Friday, November 12, 2010
ESPNsoccernet: July 5, 11:56 AM UK
A brief history of Sunderland
Previous names: Sunderland and District Teachers
Admitted to Football League:1890
First Division: 6
Second Division: 5
Third Division: 1
FA Cup: 2
Sunderland were one of the first powerhouses of the Football League. They won three titles in four years in the 1890s, and two more by 1913.
They have won only three major trophies since then: the most of those, in the 1973 FA Cup, is one of English football's most romantic stories.
A local schoolteacher, James Allen, founded the Sunderland District & Teachers Association Football Club in 1879, although the name was changed to Sunderland AFC two years later. They were not founder members of the Football League but became the first team to be elected to it in 1890.
The impact was instant. Sunderland won the title in 1892, 1893 and 1895, and the League's founder William McGregor christened them "The Team Of All Talents". They also played the Scottish champions Hearts in 1895, winning 5-3 and being christened "Champions of the World".
A move from Newcastle Road to Roker Park followed in 1898, and Sunderland won their first title at their new stadium three years later. It was the start of a mixed decade. Sunderland were fined for an illegal payment to a player in 1904; their manager Alex Mackie was suspended, along with six directors. Four years later they trounced their rivals Newcastle 9-1, still a club record.
In 1913, Sunderland came within a whisker of the Double. They won their fifth league title but were beaten in the FA Cup final by Aston Villa. The Twenties were most notable for a few near misses in the league - Sunderland finished second in 1923 and third on three occasions - and the prolific goalscoring of Dave Halliday.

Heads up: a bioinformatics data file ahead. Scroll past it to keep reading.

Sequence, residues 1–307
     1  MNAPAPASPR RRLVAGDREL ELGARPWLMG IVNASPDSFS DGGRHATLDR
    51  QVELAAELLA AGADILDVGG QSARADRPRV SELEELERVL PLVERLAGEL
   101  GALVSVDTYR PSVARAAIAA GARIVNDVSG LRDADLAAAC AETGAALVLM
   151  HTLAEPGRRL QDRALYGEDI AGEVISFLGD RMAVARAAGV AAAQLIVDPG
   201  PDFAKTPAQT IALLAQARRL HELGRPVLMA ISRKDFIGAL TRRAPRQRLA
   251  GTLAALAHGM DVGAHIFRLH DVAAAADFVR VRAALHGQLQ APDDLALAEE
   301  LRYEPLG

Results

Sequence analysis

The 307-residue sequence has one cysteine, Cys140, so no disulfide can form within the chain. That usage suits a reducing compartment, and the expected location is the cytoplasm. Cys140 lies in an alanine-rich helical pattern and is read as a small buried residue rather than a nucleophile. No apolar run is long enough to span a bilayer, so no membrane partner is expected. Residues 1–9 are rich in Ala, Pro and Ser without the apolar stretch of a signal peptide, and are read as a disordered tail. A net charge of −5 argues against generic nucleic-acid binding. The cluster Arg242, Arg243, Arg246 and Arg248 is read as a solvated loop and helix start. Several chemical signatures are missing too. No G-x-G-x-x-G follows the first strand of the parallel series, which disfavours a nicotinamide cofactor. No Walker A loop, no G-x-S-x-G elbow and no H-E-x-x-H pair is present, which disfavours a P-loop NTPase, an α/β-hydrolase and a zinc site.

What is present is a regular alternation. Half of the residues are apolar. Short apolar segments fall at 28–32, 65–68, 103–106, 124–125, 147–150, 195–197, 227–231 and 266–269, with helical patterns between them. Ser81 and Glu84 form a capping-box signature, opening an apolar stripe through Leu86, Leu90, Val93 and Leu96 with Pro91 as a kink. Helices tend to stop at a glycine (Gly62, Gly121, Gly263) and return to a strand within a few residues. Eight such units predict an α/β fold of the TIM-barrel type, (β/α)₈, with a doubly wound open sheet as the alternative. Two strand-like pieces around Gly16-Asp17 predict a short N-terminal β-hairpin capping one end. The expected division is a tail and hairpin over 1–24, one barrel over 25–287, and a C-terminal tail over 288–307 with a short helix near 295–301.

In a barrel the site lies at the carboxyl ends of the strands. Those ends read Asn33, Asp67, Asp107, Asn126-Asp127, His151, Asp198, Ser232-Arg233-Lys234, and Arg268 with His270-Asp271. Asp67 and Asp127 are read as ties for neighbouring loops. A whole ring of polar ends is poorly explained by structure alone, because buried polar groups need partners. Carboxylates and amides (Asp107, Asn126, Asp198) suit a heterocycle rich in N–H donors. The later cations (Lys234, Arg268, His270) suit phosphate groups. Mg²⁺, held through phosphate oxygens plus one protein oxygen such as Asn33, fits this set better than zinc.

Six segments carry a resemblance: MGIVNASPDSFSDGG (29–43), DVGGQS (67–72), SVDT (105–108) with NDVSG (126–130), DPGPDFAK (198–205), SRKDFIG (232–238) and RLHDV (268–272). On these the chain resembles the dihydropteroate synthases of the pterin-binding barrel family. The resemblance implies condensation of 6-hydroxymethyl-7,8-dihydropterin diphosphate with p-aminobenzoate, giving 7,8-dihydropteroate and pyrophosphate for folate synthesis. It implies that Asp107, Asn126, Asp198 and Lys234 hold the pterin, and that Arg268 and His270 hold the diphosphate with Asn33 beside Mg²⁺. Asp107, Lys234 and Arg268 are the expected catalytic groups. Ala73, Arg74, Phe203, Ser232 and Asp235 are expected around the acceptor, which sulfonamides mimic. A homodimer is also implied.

Halliday left for Arsenal in 1929 but a new group of players won the club's sixth league title in 1936 and followed it up a year later with victory over Preston in the FA Cup final.
After the war, Sunderland went on a remarkable spending spree, as a result of which they were called the "Bank of England club". Apart from a third-placed finish in 1950 it was horribly unsuccessful. Money continued to define the decade: in the 1957, the chairman and three directors were suspended after Sunderland were found guilty of paying players in excess of the maximum wage. Two years later, to complete a miserable decade, Sunderland were relegated.
They returned to the top flight in 1964 but struggled consistently and went down again in 1970. It was from Division Two that the club would have its most famous day. In the 1973 FA Cup final, Bob Stokoe's side beat the apparently invincible Leeds 1-0 thanks to a goal from Ian Porterfield and one of the all-time-great saves from Jim Montgomery. It was so improbable that commentators on both English TV channels shouted 'Goal' when the ball left Peter Lorimer's foot.
For the next 25 years Sunderland flitted between the top two divisions. They also dropped into the third tier for the first time, for one season only in 1987-88. Their spells in Division One usually involved a struggle against relegation, and Sunderland did not finish in the top half of the top flight between 1956 and 2000. They also took part in one of the great Wembley games: a 4-4 draw against Charlton in the Division One play-off final of 1998, with Sunderland losing on penalties.
They were promoted the following season under Peter Reid, winning the title with a mighty 105 points, and finished seventh in their first two seasons back in the Premier League, thanks in no small part to the textbook little-and-large strike partnership of Kevin Phillips and Niall Quinn.
The success was short lived. Sunderland were relegated in 2003, with their total of 18 points a record low for the Premier League. It was a record they beat three years later when they went down with just 15 points. They returned to the top flight a year later and settled in mid-table. They weren't quite back at the summit but when Darren Bent became the first Sunderland player to score for England in over 50 years, hopes were high.
And, even after the sale of Bent to Aston Villa for a club record £24 million, Premier League safety was stil assured and under Martin O'Neill there were hopes that the club would be able to improve on a 13th placed finish.